Leaders who demonstrate LIVED dimensions

While it’s hard to give specific examples of leaders who display each of the qualities outlined in the LIVED model, there are well-documented examples of people who use particular elements and are famous for it.

For instance, Harriet Green is often cited as leading the turnaround for Thomas Cook around at a time when it was clearly in the doldrums. According to Ms Clarke, she did this through having ”an abundance of energy and drive”.

“She really exemplifies the Drive element of LIVED,” Ms Clarke observed.

“She is apparently exhausting to work for, and needs very little sleep. She is relentless and very driven to reach her goals, which can be testing for those who work with her, but her ability to achieve results is unquestionable.

John Donahoe from eBay was flagged up as a leader who is said to show great emotional intelligence, as he has displayed an ability to manage his own emotions, self-awareness and an understanding of how to build good relationships.

Ms Clarke also noted that he is reported to have a “tremendous listening ability”, which has helped eBay develop both a “deeply loyal team and a health and evolving business”.

She went on to name Google as an example of a business where learning is high on the agenda. Indeed, she said it has a culture of “celebrating failure and feels that it’s okay to fail, but only once!”. Employees are encouraged to try new things, learn quickly from their experiences and adapt and evolve in order to create success going forward.

As for the values dimension of LIVED, Ms Clarke believes Andy Street of John Lewis represents this very well, as he’s very upfront about the firm’s moral compass and uses it to guide how it operates. He was also voted Britain’s most admired leader in a recent HR publication.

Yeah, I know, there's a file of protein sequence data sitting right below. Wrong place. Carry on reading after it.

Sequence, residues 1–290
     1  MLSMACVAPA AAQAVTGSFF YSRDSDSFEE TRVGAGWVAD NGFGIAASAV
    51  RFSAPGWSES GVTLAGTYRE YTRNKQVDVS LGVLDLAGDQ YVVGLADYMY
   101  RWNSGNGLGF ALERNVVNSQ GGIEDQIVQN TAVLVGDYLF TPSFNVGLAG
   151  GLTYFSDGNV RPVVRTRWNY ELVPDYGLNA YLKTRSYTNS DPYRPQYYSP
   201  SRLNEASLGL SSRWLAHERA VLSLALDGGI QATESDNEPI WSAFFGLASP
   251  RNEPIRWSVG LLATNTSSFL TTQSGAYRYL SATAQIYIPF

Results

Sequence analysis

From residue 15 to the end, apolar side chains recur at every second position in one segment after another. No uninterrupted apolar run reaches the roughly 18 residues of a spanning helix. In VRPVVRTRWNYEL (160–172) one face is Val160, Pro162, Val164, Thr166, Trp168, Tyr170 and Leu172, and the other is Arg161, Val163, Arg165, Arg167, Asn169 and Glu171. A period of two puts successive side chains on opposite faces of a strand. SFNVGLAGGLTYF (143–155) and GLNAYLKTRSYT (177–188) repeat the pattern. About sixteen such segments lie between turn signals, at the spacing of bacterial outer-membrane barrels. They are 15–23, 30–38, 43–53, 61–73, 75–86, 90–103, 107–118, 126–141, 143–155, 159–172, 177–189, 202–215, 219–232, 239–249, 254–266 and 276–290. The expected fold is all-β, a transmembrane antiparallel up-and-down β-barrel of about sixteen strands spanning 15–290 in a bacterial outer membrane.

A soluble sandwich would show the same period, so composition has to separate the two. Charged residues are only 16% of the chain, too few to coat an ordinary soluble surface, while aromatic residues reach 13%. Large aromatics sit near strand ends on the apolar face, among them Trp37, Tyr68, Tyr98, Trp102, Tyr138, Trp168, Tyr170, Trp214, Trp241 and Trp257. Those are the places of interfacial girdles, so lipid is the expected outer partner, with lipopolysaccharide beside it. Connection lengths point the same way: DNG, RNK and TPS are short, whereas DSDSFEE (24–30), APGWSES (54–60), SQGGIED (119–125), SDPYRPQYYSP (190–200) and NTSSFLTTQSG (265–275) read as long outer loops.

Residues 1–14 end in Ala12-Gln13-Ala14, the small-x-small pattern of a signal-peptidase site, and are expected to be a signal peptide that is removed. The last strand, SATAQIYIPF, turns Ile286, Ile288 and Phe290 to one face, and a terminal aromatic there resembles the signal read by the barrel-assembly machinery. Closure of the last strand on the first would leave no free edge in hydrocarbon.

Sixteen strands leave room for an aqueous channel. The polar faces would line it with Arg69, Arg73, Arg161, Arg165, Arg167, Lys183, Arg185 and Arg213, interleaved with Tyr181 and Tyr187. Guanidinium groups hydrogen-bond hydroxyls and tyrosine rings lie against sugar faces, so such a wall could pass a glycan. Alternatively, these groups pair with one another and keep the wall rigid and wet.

“There are lots of examples of well-known FTSE 250 company leaders who are demonstrating elements of LIVED, but I can honestly say that in our experience we have not yet found a leader who appears to demonstrate all five elements as strengths. If it is very difficult to find a leader that is using and applying all of those LIVED elements successfully,” Ms Clarke continued.

“And that’s really why we’re so excited about the LIVED model. We believe that applied in our turbulent and uncertain business environment LIVED can make a significant difference to leadership capability and then of course to business success. 

“If people can learn the elements of LIVED but also learn how to use them together, they will really strike gold in terms of business performance going forward.”

This is how we at a&dc are supporting our clients;  with the LIVED framework providing reassurance and confidence that their leaders can be equipped to deal with the VUCA world.

How to become a LIVED leader

In order to become a LIVED leader, it makes sense for a manager or boss to know where they sit against  the LIVED framework.

We at a&dc therefore provide people  with an objective assessment against every dimension of the model to create the certainty that we’re passionate about providing for our clients.

This gives a very rigorous and robust profile against each of the LIVED elements and generates very thorough feedback on what they need to do to accelerate their performance or maximise their potential.

“Once they’ve understood that profile and have a better self-awareness around LIVED, the next step is to provide focused and targeted development,” Ms Clarke commented.

“Our unique LIVED development programme  takes people through the journey of LIVED through each of it’s core elements.”

Our clients can therefore be helped to recognise and develop these dimensions, as well as understand how they work together  be leveraged for maximum impact.

“All of this development is done within the context of the modern business world and relevant business challenges,” Ms Clarke added.

“So we are always helping people to understand how they can apply the LIVED leadership model to address their business challenges and be make a real difference to their own and the performance of their business.”